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Good news: You’ve just booked a dream vacation. Bad news: You’ll suffer through epically long flights, cramped seats, and loud passengers to get there.
While a few lucky folks can pass out easily upon takeoff, for most of us, quality in-flight sleep is a struggle. And that can lead to exhaustion and several nights of playing catch-up when you arrive at your final destination.
Beyond the tips you likely already know — invest in earplugs, an eye mask, and a pillow; wear comfy clothing; and book a first-class ticket with a lie-flat seat (#lifegoals) — here are more ways you can rest en route.
1. Score a window seat
If you can reserve a window seat, do it. You’ll be able to lean over and rest your head on the side of the plane. It’s a lot easier than trying to fall asleep on a neck pillow while basically sitting upright. Bonus: You can also control your light exposure.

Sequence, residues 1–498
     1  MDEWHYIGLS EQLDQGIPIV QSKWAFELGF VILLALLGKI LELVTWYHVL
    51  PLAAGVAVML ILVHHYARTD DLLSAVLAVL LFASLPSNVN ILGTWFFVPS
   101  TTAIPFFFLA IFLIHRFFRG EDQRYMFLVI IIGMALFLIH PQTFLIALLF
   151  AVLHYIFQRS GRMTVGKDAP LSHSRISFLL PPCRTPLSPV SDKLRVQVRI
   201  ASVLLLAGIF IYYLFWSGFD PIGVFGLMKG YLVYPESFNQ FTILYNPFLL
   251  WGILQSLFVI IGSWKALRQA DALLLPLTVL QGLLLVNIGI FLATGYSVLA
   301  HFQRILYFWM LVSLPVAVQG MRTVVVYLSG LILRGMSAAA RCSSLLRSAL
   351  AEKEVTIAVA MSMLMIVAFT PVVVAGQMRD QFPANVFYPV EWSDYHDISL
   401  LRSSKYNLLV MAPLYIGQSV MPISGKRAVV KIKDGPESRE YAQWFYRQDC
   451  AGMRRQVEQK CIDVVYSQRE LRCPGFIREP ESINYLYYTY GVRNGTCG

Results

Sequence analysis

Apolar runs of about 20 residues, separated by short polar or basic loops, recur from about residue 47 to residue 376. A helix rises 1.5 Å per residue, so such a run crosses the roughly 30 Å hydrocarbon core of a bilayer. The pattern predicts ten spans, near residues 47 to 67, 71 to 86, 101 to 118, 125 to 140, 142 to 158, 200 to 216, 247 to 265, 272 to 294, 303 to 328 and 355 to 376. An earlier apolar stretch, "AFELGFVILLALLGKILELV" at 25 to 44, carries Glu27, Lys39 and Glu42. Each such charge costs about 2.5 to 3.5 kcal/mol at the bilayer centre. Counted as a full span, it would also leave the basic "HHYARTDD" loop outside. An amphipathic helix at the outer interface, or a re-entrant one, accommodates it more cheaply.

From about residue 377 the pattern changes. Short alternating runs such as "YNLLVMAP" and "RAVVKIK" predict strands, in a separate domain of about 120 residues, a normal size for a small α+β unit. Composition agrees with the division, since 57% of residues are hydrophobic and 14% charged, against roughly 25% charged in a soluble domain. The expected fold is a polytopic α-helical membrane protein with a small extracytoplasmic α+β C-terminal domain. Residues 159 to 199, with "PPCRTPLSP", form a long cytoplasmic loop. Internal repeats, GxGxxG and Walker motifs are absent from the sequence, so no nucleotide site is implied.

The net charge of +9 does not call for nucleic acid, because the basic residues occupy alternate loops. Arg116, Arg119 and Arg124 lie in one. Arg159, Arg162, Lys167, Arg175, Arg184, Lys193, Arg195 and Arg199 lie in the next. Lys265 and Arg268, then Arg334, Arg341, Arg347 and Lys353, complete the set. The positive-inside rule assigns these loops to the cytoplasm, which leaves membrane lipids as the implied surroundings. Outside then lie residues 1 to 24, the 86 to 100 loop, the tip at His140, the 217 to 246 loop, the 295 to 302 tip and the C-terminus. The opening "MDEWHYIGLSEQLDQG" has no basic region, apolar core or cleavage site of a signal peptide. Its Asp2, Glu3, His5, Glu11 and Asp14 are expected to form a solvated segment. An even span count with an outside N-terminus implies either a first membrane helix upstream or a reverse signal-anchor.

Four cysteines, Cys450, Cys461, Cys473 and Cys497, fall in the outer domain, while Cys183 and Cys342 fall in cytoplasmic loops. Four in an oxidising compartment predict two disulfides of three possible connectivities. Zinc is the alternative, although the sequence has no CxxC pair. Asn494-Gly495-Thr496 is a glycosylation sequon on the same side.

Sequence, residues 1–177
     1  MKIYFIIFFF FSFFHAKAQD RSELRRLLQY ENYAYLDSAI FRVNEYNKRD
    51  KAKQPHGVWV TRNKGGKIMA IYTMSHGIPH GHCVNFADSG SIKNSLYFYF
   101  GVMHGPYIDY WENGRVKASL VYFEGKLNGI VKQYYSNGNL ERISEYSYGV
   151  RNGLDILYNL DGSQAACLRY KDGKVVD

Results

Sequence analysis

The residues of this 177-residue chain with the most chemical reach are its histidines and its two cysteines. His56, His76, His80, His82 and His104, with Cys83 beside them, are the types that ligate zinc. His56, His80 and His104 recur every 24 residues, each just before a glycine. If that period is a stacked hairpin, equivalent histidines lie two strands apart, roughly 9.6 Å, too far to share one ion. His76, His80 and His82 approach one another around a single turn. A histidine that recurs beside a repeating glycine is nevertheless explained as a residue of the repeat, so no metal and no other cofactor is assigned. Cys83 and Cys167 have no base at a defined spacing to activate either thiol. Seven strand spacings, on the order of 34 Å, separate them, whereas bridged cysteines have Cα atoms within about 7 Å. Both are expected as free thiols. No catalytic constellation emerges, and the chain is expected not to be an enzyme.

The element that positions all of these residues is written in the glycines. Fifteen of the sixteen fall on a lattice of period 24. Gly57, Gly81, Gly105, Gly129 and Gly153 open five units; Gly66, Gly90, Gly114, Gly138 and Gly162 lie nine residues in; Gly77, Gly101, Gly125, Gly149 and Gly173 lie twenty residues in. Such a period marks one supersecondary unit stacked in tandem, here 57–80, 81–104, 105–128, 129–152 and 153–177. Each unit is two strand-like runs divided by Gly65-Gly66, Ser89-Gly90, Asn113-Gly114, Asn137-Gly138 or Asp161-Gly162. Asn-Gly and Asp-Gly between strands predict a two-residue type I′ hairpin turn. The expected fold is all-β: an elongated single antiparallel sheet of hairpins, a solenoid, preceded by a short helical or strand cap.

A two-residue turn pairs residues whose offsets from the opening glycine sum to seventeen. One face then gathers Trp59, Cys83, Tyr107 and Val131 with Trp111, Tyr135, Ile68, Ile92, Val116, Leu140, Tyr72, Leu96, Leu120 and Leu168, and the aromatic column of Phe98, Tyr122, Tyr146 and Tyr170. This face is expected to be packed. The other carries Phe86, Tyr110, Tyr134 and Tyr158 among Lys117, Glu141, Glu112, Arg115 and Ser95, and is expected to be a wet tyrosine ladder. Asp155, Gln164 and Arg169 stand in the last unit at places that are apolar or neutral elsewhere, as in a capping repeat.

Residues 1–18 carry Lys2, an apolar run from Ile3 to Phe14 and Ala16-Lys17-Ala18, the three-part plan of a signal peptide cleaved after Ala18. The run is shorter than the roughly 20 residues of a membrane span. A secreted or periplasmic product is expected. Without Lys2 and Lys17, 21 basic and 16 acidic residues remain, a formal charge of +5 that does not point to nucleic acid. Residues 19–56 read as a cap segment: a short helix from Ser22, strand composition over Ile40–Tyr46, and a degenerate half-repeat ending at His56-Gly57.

The best way to guarantee you can pick your seat is to build status with an airline. “I tend to fly one airline group as much as possible, so I have status,” says Damian McCabe, CEO of McCabe World Travel, who has logged more than 100,000 miles in the air.
McCabe says perks can include a better seat and priority boarding. Plus, there’ll be more space for your carry-on.
Also, make sure you can stretch out your feet, says Alyx Brown, a sports chiropractor at Boulder Sports Clinic. It’s more than just a comfort issue — it’s also better for your circulation (more on that below).
McCabe recommends using the airline’s website or sites like SeatGuru to pick the best seat possible and get additional details (like legroom inches and proximity to bathrooms) that aren’t always available when booking online.
2. Pack some comfort items
Remember your favorite teddy bear as a kid? Think of this as the adult version. “I take a shawl and a good pair of socks, and I always have music because it helps to relax,” McCabe says.
Now’s the time to put that well-worn sweater, super-soft faded t-shirt, and chill playlist to good use. Falling asleep when you’re in the midst of 200 people and 30,000 feet up in the air is all about making yourself feel as at home as possible.